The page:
Stenella frontalis

(Cuvier, 1829) - Atlantic spotted dolphin

Distinctive Characteristics

The Atlantic spotted dolphin, in many ways, tends to resemble the bottlenose dolphin more than it does the pantropical spotted dolphin. In body shape, it is somewhat intermediate between the 2, with a moderately long, but rather chunky, beak. There is a distinct crease between the melon and beak.

There is much developmental variation in the colour pattern. Atlantic spotted dolphins begin life with unspotted background coloration. Young animals look much like slender bottlenose dolphins, with a dark cape, light grey sides and spinal blaze (variable in its development), and white belly. Large spotting on both dorsal and ventral surfaces progresses as the animal ages; some individuals become so heavily spotted that the cape margin and spinal blaze are obscured. However, in some populations, adults are essentially unspotted (these are generally in offshore areas).

There are 30 to 42 pointed teeth in each tooth row.

Can be confused with

Atlantic spotted dolphins can be most easily confused with bottlenose dolphins and sometimes with pantropical spotted dolphins. The differences in size and robustness are good clues, but may require a trained eye to distinguish in many sightings at sea. Heavy spotting is a good characteristic for Atlantic spotted dolphins; however, some may be nearly unspotted and some bottlenose dolphins may have spotting and blotches on the belly and sides. Pantropical spotted dolphins also may be difficult to distinguish, but attention to body robustness, snout shape, and colour pattern differences will allow them to be separated. Only the coastal form of the pantropical spotted dolphin is likely to appear very similar to the Atlantic spotted dolphin, but the former is only known from the eastern Pacific.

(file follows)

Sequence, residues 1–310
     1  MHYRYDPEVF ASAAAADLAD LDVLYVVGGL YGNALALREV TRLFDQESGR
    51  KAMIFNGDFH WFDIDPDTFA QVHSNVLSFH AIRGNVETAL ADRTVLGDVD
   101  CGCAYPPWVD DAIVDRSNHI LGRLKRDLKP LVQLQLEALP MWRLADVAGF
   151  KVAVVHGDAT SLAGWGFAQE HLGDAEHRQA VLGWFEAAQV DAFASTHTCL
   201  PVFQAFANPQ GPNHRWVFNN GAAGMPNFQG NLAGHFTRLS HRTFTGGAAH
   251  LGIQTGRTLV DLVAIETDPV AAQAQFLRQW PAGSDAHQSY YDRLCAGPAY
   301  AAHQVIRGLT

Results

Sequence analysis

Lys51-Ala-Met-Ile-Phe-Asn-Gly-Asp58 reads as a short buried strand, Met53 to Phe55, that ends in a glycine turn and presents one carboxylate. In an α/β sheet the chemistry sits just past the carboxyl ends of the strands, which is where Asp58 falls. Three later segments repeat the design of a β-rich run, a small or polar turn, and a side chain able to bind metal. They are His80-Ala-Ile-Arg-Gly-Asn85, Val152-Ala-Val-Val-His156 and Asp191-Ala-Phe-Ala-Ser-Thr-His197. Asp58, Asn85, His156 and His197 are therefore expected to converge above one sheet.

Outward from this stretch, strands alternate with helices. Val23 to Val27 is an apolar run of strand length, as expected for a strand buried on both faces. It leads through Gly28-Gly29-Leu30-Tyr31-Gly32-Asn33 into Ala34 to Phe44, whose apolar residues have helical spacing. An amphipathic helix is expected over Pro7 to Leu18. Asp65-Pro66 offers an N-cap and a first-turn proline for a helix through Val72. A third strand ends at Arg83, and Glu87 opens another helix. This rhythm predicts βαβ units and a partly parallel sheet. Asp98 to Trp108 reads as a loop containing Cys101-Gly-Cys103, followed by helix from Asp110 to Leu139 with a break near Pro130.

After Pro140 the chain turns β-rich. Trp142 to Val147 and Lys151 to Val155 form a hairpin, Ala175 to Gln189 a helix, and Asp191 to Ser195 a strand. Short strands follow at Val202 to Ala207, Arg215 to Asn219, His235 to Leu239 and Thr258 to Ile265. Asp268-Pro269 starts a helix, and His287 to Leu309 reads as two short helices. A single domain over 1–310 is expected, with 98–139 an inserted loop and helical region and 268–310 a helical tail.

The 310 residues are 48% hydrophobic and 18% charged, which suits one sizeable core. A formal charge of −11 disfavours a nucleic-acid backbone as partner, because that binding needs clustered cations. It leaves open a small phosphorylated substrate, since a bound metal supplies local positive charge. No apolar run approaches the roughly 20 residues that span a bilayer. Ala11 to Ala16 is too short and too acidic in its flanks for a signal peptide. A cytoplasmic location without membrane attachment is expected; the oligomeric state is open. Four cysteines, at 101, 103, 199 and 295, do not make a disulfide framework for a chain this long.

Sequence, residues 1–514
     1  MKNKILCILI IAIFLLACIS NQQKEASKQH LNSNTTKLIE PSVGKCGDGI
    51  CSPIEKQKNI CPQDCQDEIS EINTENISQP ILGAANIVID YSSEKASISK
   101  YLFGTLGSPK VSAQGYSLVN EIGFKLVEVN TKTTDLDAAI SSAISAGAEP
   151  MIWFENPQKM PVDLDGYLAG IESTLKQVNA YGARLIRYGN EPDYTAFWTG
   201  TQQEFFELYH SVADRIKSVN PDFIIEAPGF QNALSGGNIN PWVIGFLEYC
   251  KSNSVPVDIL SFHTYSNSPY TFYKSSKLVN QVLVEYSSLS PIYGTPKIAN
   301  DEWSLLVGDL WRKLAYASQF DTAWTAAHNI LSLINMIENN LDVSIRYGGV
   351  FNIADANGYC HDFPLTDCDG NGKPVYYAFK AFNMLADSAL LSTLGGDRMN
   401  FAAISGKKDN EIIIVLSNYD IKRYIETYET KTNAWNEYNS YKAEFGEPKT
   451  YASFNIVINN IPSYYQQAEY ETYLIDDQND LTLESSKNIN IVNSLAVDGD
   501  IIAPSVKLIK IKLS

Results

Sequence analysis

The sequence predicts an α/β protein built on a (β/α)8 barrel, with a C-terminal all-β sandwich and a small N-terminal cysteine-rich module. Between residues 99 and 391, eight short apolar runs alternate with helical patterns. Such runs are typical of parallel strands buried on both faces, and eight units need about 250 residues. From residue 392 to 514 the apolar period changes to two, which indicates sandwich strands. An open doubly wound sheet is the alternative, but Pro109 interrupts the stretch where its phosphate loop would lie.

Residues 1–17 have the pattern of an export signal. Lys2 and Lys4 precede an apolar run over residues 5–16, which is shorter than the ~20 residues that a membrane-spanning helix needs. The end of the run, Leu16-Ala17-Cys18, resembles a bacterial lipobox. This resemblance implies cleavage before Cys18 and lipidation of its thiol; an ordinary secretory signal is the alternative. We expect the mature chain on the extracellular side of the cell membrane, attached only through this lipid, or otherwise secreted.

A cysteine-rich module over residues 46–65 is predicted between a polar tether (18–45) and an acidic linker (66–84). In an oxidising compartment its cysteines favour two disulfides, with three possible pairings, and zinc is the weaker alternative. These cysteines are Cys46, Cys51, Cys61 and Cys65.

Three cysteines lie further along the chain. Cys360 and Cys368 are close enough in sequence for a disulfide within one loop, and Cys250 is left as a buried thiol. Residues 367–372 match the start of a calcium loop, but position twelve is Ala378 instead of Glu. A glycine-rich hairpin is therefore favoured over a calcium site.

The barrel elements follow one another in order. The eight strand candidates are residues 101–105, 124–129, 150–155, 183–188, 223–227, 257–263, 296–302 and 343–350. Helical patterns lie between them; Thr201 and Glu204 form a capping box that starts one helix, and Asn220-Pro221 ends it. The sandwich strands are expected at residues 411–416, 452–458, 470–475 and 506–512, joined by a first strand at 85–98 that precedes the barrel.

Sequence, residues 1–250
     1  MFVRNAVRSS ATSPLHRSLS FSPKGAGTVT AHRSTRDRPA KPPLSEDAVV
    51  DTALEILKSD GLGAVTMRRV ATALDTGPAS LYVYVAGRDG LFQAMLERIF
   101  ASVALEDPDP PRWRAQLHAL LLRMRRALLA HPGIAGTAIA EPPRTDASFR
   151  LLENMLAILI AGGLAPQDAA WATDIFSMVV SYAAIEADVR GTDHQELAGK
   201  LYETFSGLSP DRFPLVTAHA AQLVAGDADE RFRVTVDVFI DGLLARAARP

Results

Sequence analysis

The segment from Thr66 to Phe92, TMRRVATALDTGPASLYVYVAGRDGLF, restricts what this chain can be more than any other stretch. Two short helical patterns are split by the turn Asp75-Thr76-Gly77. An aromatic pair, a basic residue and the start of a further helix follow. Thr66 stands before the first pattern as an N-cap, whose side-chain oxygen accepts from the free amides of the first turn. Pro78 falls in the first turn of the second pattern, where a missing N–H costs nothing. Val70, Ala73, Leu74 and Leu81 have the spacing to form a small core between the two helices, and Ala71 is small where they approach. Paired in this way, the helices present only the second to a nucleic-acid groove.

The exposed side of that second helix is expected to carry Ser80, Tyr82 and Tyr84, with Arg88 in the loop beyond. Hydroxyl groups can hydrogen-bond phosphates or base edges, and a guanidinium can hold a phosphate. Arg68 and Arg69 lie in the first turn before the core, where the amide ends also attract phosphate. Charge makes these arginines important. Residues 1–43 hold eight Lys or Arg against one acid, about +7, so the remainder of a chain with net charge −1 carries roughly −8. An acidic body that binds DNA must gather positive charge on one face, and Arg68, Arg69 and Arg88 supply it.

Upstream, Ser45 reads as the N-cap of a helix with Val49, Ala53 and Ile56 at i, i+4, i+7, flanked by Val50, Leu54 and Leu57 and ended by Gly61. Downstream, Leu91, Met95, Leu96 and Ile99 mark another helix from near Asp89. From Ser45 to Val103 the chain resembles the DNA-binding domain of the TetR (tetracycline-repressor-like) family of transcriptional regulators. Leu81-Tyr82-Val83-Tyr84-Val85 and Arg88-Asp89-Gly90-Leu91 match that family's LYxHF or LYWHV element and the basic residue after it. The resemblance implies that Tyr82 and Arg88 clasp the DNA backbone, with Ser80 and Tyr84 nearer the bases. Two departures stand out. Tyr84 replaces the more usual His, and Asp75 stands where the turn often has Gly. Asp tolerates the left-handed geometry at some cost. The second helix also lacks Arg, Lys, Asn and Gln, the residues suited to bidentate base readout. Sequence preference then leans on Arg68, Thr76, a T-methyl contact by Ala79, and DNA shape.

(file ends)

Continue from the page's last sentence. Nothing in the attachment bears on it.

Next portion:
Adults are up to 2.3 m long and 143 kg in weight. Newborn Atlantic spotted dolphins are 0.8 to 1.2 m long.

Geographical Distribution

This species is found only in the Atlantic Ocean, from southern Brazil to New England in the west, and to the coast of Africa in the east (the exact limits off West Africa are not well known). Their tropical to warm temperate distribution is mostly over the offshore continental shelf, but Atlantic spotted dolphins also inhabit some deep oceanic waters.

Biology and Behaviour

Small to moderate groups, generally of less than 50 individuals, are characteristic of the Atlantic spotted dolphin. Coastal groups usually consist of 5 to 15 animals. These are acrobatic animals and they are known to be avid bowriders. Studies of Atlantic spotted dolphins off the Bahamas that allow people to swim with them show that these animals have a fluid group structure, like that of bottlenose dolphin and other small dolphins.

There is not much known of the species' life history, but tropical populations would be expected to have a protracted breeding season.

A wide variety of fishes and squids are taken by this species.


Atlantic spotted dolphins are taken in a direct fishery for small cetaceans in the Caribbean. Direct takes may also occur off the Azores and off West Africa. Some are probably also taken incidentally in tuna purse seines off the West African coast. However, there are not reliable estimates of the number of animals taken in any of these fisheries.

IUCN Status

Insufficiently known.